Monday, April 4, 2011

Russia Sneaks Back into Tanzanian Uranium

Monday, April 4, 2011

Tanzania’s Mkuju uranium assets are back on the auction block with Russian firm JSC Atomredmetzoloto (ARMZ) purchasing assets from Aussie firm Mantra Resources Ltd. The transaction, originally priced at $1.16 billion, will sell for $944 million with the deal expected to close in July.

The mining plant in southern Tanzania is expected to begin operating in Q4 2013. Minister for Energy and Minerals, William Ngeleja, told The EastAfrican that the Mkuju River Project is shaping up into a truly world-class venture and has the potential, in its first phase of development, to position Tanzania as the third, and perhaps even the second largest producer of uranium in Africa. Ngeleja said that the pre-feasibility study in March 2010 indicated that once developed the mine would produce 1,650 tons of uranium oxide a year. This figure would propel it to become the eighth largest producer in the world overtaking the US which produced 1,560 tons in 2009.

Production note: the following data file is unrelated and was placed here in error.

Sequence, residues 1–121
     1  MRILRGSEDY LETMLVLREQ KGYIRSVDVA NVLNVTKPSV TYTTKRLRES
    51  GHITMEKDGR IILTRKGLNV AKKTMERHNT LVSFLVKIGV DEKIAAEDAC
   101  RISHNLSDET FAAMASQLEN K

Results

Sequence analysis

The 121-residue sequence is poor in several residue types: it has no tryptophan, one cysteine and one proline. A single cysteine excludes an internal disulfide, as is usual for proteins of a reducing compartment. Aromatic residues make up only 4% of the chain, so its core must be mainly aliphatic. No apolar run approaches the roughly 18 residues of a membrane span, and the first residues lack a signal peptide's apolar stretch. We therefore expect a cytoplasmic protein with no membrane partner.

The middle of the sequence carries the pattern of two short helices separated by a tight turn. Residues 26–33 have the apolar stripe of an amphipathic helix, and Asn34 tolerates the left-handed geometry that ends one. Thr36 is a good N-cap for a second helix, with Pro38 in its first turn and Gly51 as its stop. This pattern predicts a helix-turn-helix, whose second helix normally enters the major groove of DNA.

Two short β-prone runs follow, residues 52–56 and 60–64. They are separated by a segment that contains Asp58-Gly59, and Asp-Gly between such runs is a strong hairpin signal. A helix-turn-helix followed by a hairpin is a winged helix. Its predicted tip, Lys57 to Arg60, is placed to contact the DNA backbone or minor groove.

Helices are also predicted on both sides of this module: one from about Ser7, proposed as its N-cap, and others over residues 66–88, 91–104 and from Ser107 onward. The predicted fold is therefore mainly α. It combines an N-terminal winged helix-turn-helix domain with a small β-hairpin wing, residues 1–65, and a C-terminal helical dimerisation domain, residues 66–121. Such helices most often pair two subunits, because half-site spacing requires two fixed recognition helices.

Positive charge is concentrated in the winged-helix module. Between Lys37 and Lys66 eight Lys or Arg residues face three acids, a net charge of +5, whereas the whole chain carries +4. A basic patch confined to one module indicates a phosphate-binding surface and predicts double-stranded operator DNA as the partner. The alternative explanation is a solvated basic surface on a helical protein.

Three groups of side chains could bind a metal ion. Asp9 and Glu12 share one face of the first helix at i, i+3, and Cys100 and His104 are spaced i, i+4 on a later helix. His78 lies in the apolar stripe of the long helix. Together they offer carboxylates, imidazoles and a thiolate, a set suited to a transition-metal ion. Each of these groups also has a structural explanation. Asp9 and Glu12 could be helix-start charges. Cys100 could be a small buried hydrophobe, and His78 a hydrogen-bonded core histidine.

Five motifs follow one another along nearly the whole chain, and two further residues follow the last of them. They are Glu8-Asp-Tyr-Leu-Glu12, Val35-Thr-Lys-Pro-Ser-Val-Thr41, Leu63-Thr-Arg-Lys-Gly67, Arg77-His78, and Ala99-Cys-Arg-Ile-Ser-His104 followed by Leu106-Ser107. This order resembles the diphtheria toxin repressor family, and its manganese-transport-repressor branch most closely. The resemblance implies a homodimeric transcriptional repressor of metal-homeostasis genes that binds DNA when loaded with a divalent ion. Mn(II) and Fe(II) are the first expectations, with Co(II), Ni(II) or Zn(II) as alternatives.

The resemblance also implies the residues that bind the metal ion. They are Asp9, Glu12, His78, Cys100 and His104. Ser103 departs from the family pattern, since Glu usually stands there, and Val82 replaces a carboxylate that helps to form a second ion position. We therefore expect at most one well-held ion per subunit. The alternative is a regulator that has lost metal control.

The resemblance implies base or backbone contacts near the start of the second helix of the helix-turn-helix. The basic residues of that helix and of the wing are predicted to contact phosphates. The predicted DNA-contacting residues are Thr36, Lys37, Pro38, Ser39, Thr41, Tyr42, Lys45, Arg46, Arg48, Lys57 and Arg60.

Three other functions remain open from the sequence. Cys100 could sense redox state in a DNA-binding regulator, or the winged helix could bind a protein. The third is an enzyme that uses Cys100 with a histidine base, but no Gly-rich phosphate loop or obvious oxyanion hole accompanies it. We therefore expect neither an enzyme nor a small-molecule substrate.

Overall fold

The Tanzanian government expects to reap $630 million as profit over the mine’s 15-year span.

Interestingly, in 2009 Russian President Dmitry Medvedev traveled throughout Africa promoting nuclear ambitions taking particular interest in Namibia’s vast uranium deposits. Yury Trutnev, Russia's Natural Resources Minister, said Moscow was interested in helping Namibia develop its nuclear industry. "Namibia very much needs to develop its energy sphere," he said. And in October 2010, Russian company Borodino signed a deal with the East African country to finance the construction of the $700 million Rumakali hydropower plant in October. This, of course, is in addition to Russia’s alliance with China over African ventures coincidentally enough in hydrocarbon and uranium-rich countries.

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